Proposed Conservation Code of Conduct for BSI Members.
A. General conduct: Obey international, national, and local regulations including the following:
1. The Convention on Biological Diversity (CBD) and especially the recognition on the CBD's reference to the access and fair benefit sharing with the countries of origin of biological organisms.
2. The Convention on International Trade in Endangered Species of Fauna and Flora (CITES).
3. Other national and regional laws pertaining to particular parcels of land, cultivation, import, export, and to protection of species.
4. Local customs of land and plant ownership.
B. Professional courtesies:
1. Obtain all necessary permits (collecting, export, and import).
2. Contact local organizations, institutions, and/or professionals. Your intentions are likely to be of interest to them, and they can be helpful to you.
C. Responsibilities in the field:
1. Never jeopardize natural populations. Collect only a small percentage of the plants present. If the site shows signs of previous heavy collections, or other signs of demage, seek another locality.
2. When possible, collect seeds or offsets rather than entire plants. When collecting whole plants, choose small ones and leave the large ones for seed production.
3. Make careful field notes. Include precise locality, elevation, host plants or rock (if epiphytic), plant associations, date, and your field number. If possible, assess population density and range. Take photographs of the habitat.
4. Make herbarium specimens whenever possible, especially when collecting in remote locations or when you find something unusual (it is not necessary to know the identity of your specimens). Collect at least two specimens: one for the national herbarium of the host country (often this is a condition for obtaining a collecting permit), and one for the M.B. Foster Bromeliad Identification Center at the Mary Selby Botanical Gardens.
5. Do not collect more plants than you can care for, either during the field trip or when you return home. Do not collect plants that you will not be able to grow under the conditions you can provide for them (e.g do not collect in a cloud forest if you cannot cool your growing facility. If you encounter a population or species which appears to be endagered, or if you come across information regarding its possible preservation or destruction, please report it to the Conservation Committee chaiperson.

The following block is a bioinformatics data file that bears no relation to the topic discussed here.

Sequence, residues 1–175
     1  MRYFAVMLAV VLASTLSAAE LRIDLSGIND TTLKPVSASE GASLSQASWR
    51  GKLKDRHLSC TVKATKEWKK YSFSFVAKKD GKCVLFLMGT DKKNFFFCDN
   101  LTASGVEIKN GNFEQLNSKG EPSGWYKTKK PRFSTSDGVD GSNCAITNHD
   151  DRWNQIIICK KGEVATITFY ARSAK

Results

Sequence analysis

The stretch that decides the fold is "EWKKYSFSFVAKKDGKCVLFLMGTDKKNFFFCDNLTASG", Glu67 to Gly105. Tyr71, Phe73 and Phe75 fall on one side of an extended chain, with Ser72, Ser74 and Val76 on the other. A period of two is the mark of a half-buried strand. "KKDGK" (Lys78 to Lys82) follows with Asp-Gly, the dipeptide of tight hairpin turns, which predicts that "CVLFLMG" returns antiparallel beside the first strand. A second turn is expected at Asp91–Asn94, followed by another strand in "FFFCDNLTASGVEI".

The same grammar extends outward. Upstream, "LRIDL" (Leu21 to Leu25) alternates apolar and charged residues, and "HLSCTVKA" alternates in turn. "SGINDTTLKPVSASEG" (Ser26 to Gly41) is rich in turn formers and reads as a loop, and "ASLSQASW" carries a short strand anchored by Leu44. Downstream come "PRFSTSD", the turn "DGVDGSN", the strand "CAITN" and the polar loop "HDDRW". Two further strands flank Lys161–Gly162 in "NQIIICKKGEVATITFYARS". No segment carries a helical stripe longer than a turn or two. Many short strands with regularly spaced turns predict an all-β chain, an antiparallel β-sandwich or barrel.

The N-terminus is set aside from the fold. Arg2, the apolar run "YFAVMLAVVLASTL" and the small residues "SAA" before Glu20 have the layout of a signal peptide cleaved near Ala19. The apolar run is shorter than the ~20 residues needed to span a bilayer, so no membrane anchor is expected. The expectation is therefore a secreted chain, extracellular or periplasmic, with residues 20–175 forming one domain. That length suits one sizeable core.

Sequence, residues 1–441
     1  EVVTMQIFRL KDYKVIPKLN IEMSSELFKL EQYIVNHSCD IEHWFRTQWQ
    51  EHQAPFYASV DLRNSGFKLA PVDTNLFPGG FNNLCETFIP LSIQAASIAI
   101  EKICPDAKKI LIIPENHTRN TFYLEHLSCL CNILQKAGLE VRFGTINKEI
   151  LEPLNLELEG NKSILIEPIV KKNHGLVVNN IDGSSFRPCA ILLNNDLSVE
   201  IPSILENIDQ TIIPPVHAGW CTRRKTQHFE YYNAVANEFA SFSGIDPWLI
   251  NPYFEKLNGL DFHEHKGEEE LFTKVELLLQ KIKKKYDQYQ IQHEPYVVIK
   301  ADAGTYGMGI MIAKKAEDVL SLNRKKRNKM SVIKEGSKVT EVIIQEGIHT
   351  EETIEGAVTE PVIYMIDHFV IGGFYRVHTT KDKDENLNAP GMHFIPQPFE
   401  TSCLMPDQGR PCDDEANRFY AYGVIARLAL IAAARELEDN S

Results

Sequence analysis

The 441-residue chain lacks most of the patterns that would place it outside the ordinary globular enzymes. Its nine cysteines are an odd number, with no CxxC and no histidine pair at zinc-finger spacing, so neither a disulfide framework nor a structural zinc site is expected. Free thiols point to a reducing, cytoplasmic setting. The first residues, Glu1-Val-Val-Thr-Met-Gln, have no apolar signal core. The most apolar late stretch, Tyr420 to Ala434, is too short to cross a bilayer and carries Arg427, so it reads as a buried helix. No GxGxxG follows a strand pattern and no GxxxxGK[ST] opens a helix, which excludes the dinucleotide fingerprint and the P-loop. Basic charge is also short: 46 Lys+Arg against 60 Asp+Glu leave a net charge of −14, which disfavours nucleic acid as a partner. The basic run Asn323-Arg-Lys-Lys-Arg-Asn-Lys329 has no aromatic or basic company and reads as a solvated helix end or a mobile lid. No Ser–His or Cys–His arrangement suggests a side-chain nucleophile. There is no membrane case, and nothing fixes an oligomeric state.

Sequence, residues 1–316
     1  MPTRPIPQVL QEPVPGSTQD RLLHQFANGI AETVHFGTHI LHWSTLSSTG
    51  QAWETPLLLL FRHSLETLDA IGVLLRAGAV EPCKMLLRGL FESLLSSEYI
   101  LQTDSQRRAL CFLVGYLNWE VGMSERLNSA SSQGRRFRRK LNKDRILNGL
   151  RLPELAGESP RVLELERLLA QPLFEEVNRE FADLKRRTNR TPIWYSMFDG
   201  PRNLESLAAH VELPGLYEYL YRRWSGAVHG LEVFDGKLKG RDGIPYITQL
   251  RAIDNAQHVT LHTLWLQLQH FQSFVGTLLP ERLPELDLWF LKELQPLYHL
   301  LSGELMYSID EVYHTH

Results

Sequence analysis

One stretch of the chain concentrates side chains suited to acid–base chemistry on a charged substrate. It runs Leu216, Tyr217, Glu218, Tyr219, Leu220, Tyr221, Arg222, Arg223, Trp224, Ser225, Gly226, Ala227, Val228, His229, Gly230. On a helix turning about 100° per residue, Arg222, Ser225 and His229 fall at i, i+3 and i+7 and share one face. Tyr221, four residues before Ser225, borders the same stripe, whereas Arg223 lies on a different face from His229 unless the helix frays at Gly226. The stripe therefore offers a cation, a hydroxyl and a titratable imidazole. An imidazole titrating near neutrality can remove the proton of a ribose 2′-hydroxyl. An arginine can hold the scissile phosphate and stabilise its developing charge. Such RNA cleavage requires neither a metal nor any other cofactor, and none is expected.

II. Maintenance of collections (private, public, and commercial)
A. Propagate rare and documented plants and contribute to their survival by distributing them to other enthusiasts. Remember the proverb: To keep a plant, give it away.
B. Keep rare and scientifically valuable plants clearly and correctly labeled. Also keep records of their performance under your conditions of cultivation.
C. Share your knowledge with others, but DO NOT casually disclose specific locations of rare and desirable plants. Not every enthusiast is a scrupuluous collector.
D. Ensure that your valuable plants will survive you. A botanical garden is often an excellent beneficiary, as is your local bromeliad society.
E. Buy plants from reputable nurserymen. Do not patronize a supplier who trades in illegally obtained plants in large quantities.
III. Recommendations for bromeliad socities and clubs
A. Endorse the precepts of this Code of Conduct as a guide for responsible and conscientious behavior.
B. Discourage the advertising of wild-collected plants of rare species for sale in your publications.
C. Publicize national and international regulations on the export, import, and sale of wild plants.
D. Sponsor or support measures to support measures to protect the habitats of rare or threatened species.
E. Assist your members in making arrangements for the continued survival of their plants when they lose interest or can no longer care for them.
IV. Recommendation for show committees and judges
A. Include in the show schedule some classes for species raised from seed by the exhibitor.
B. Include in the schedule some recognition for rare or undescribed species. Rare plants must not be collected in such a way as to jeopardize the population. This practice is necessarily a matter of honor with the collector.
C. Include good cultivation in judging criteria.
D. Restrict competition to plants that have been grown in cultivation for at least one year.
Pierre L. Ibisch (Conservation Chair) & Vera Porwollik, Eberswalde
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|Author:||Ibisch, Pierre L.; Vera Porwollik, Eberswalde|
|Publication:||Journal of the Bromeliad Society|
|Date:||May 1, 2007|
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